Haiti Economic Outlook
March 17, 2020While firm data is largely lacking, the economy likely remains in a dismal state, rocked by civil unrest, political instability, elevated inflation, food insecurity and widespread layoffs hurting private consumption. Moreover, the police and the army have clashed in recent weeks in Port-au-Prince, after police protests over pay and conditions turned violent. In an attempt to calm tensions, the government announced it would allow the police to unionize, a key demand of protestors. On the political front, President Jovenel Moïse appointed Joseph Jouthe as the new prime minister in early March. The new PM will be tasked with stabilizing the economic situation, although the President’s decision to make the appointment by decree—Parliament is still not sitting—risks inflaming social tensions.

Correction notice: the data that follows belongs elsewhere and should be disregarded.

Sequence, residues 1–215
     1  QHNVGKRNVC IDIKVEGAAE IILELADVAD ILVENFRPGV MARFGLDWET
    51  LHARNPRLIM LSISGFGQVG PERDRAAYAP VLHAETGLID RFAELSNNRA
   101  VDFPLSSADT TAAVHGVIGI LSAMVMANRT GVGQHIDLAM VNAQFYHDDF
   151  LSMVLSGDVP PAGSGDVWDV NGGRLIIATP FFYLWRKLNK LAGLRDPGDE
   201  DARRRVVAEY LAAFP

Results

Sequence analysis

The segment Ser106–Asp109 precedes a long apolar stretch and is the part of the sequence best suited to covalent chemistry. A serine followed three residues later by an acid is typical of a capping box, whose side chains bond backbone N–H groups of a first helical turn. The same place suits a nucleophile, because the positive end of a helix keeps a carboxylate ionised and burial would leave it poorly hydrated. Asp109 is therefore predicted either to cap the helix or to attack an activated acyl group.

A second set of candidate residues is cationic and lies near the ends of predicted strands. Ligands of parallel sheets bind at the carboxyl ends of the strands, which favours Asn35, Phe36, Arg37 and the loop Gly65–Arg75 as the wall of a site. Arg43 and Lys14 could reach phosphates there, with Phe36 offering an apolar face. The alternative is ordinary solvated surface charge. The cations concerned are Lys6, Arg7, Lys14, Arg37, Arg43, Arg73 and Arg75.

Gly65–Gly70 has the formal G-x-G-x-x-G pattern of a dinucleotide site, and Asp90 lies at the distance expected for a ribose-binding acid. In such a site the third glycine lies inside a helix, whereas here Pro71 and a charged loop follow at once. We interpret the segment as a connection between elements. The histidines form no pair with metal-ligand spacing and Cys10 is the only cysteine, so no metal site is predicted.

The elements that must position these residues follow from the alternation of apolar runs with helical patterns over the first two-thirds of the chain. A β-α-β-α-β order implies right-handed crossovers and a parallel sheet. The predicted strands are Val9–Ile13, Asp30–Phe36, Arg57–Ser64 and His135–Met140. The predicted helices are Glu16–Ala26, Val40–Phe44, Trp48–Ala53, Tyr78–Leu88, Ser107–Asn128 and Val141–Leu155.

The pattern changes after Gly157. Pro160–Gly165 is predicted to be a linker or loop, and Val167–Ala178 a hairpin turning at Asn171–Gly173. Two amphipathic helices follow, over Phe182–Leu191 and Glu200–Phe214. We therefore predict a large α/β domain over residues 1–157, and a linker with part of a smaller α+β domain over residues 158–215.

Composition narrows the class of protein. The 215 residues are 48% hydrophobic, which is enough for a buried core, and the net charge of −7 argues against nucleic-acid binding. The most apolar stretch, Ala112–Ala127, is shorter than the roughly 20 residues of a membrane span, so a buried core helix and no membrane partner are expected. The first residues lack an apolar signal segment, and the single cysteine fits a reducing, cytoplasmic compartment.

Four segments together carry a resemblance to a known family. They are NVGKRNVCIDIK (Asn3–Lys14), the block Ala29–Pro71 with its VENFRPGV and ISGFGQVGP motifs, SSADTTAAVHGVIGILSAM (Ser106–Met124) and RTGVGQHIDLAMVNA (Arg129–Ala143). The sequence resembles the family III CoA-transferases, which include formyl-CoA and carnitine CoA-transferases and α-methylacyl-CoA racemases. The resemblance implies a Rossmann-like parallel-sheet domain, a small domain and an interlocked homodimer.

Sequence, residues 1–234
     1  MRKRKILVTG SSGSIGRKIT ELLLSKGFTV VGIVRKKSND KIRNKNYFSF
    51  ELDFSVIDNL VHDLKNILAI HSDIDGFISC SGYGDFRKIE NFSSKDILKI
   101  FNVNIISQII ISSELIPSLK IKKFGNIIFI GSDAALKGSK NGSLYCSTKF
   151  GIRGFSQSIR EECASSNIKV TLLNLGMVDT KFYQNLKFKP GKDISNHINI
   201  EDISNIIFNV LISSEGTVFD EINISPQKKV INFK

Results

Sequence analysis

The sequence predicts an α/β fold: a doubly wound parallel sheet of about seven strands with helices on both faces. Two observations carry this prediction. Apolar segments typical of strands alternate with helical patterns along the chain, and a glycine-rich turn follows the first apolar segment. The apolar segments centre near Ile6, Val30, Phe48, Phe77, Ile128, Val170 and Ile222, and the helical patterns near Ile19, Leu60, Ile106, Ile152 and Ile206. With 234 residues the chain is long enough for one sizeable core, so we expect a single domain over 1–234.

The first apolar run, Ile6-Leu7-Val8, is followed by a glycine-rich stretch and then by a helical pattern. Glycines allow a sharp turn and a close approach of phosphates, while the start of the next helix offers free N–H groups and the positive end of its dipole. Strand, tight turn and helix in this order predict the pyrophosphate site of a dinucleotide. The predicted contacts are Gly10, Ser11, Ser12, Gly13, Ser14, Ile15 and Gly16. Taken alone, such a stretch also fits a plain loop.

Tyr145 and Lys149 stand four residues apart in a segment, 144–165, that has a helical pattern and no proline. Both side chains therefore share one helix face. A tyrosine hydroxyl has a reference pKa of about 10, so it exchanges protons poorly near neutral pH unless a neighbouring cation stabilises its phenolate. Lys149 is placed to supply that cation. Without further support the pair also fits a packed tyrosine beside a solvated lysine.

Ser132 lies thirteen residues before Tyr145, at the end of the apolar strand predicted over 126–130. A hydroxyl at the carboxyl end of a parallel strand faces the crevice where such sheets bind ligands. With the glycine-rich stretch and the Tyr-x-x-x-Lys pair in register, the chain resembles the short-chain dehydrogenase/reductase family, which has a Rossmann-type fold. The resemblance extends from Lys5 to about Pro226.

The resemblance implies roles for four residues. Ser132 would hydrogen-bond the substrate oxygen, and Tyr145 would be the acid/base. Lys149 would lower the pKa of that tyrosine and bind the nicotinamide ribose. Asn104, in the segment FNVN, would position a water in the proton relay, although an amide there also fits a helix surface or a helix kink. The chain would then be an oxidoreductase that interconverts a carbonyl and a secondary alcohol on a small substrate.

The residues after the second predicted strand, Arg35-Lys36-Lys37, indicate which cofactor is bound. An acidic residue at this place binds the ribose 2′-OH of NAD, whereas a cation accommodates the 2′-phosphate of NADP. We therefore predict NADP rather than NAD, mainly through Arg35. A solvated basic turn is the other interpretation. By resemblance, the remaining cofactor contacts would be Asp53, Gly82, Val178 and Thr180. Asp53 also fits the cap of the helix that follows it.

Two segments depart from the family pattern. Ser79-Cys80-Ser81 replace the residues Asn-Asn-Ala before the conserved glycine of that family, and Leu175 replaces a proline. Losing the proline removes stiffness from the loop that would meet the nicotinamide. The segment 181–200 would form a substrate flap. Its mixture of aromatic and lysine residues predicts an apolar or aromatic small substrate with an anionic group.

Haiti Economic GrowthThe economy is likely to contract this year, dragged on by weak business sentiment, social instability and political uncertainty. Downside risks include vulnerability to natural disasters, the global coronavirus outbreak and a possible intensification of civil unrest, while the potential restoration of political stability poses an upside risk to the outlook. FocusEconomics panelists foresee an economic contraction of 0.1% in 2020, which is unchanged from last month’s forecast, before growing 0.8% in 2021.
Haiti Economy Data
5 years of Haiti economic forecasts for more than 30 economic indicators.
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